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GyMac
March 25, 2013, 02:02 PM
I shoot one-handed at 25 yards with my 2 Ruger pistols, a 5 1/2 inch Bull Barrel with the .125 inch front sight and a 4 3/4 inch Standard with the .10 inch sight. I find that I can shoot the Standard better than the Target and I think I've traced the difference to the width of the front sight. I'm thinking about having the front sight on my Target milled to .10 inch; I've already got a rear sight leaf in that width. Has anyone else had this experience with being able to shoot better with a narrower front sight?

MrBorland
March 25, 2013, 02:21 PM
Your experience isn't uncommon - many find they shoot more accurately with a wider rear notch or narrower front sight.

Often, a stock sight/notch setup leaves little daylight on each side of the sight, so more daylight makes it easier to tell if they're equal.

Also, as the widths of daylight get greater, they get closer to the width of the front sight, and it's easier to to align 3 equal-width objects than it is to line up 2 that surround an oddball 3rd.

WESHOOT2
March 26, 2013, 07:58 AM
Some suggest optimum as .100" front; rear notch of .140--.160".

RickB
March 26, 2013, 01:15 PM
Some people focus on (pun) the ratio of the front sight width to rear notch width, but I think the actual measurements are important, as well. Some people prefer a 1-1-1 sight picture, with the light bars on either side appearing to be the same width as the front. My preference is something closer to 1-2-1, with the bars about half as wide as the front sight.
I have a hard time hitting a point, when you can line up ten of those points side-by-side on top of the front sight; the sight has to be not much wider than the target, or aiming point on the target.
For "action shooting", .10", and even .09" front sights are common, with a .125" rear, but I like those combinations for precision shooting, too. It's easier for me to gauge the width of the "light bars" on either side of the front sight, than to try to align the edges of of a front sight and the edges of the rear notch, which is a common set-up - the front sight almost filling the rear notch - on stock pistols.
Ultra-wide notches, combined with wide front sights, appear to be a response to failing eyesight, rather than an actual aid to aiming.
I prefer a .10" front and .125" notch (and the notch deep enough to see the entire front sight in the sight picture), for just about all handgun shooting with a "service pistol" sized gun, if it's my call to make. A very long sight radius would indicate a wider front, and short sight radius, a narrower front.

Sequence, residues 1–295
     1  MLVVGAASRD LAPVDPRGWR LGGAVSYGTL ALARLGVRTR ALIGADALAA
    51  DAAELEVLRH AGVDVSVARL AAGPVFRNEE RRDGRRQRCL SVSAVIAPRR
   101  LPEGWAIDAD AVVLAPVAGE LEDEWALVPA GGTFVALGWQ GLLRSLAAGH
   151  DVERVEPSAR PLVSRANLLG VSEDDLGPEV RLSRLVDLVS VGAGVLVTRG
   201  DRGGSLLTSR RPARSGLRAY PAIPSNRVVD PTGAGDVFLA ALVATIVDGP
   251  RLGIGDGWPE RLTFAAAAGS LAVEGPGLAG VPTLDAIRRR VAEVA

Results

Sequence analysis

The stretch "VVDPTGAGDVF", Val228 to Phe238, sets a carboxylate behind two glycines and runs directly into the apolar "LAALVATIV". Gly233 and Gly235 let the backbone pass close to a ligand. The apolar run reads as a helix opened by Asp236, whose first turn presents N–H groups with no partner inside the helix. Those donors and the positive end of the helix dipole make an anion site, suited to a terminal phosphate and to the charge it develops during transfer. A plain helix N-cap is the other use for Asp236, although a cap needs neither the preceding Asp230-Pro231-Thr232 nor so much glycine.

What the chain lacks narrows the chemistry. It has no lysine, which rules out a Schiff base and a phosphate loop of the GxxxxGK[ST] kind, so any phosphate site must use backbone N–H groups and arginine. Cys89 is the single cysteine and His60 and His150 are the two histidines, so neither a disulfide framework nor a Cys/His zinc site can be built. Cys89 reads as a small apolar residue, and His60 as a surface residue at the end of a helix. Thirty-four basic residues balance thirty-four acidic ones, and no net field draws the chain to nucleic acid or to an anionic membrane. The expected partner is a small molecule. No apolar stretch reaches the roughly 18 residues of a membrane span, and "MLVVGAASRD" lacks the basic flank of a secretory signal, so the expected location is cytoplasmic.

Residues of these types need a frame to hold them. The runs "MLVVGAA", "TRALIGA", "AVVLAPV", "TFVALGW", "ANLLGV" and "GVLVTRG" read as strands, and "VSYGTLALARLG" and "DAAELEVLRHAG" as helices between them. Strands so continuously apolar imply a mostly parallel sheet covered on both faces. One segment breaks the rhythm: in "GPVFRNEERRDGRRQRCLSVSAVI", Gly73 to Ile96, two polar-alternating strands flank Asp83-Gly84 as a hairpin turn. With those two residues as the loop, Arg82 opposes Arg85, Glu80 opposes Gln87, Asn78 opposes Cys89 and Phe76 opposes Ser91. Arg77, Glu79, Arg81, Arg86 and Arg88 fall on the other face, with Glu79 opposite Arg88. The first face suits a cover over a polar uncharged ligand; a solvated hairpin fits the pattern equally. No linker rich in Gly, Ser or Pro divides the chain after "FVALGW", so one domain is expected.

paw080
May 23, 2013, 08:42 AM
Hi GyMac, you said: "I shoot one-handed at 25 yards with my 2 Ruger pistols, a 5 1/2 inch Bull Barrel with the .125 inch front sight and a 4 3/4 inch Standard with the .10 inch sight. I find that I can shoot the Standard better than the Target and I think I've traced the difference to the width of the front sight. I'm thinking about having the front sight on my Target milled to .10 inch; I've already got a rear sight leaf in that width. Has anyone else had this experience with being able to shoot better with a narrower front sight? "



Instead of giving you suggested dimensions, I'd like to give you a concept.

For some time now(many decades) international and NRA bullseye competitors

have favored a front blade width that visually matches the width of the bull as

seen when aligning the sights. The rear notch should be wide enough to give

ample width light bars for the lighting(shooting range) conditions.

A feature that is sorely missing from domestic target pistol rear sights is the

adjustable width notch found on international ISSF class pistols. Examples are

the Pardini SP, FWB mod 93, Morini CM22 series and Benelli target pistol series;

to name a few. Anyway, I hope this info helps you with your sights choice.:)

Tony

JohnKSa
May 23, 2013, 09:37 PM
Has anyone else had this experience with being able to shoot better with a narrower front sight?Yes, one of my common complaints with off-the-shelf pistols is that the front sight is too big for the rear notch, or vice versa.

fileophile
August 2, 2013, 06:09 PM
Tony's advice is right on. For a match gun get the front sight to match the black part of the bull, and then ensure the rear sight notch has enough width so you can see daylight on both sides of the front post. (adjusted for windage zero of course)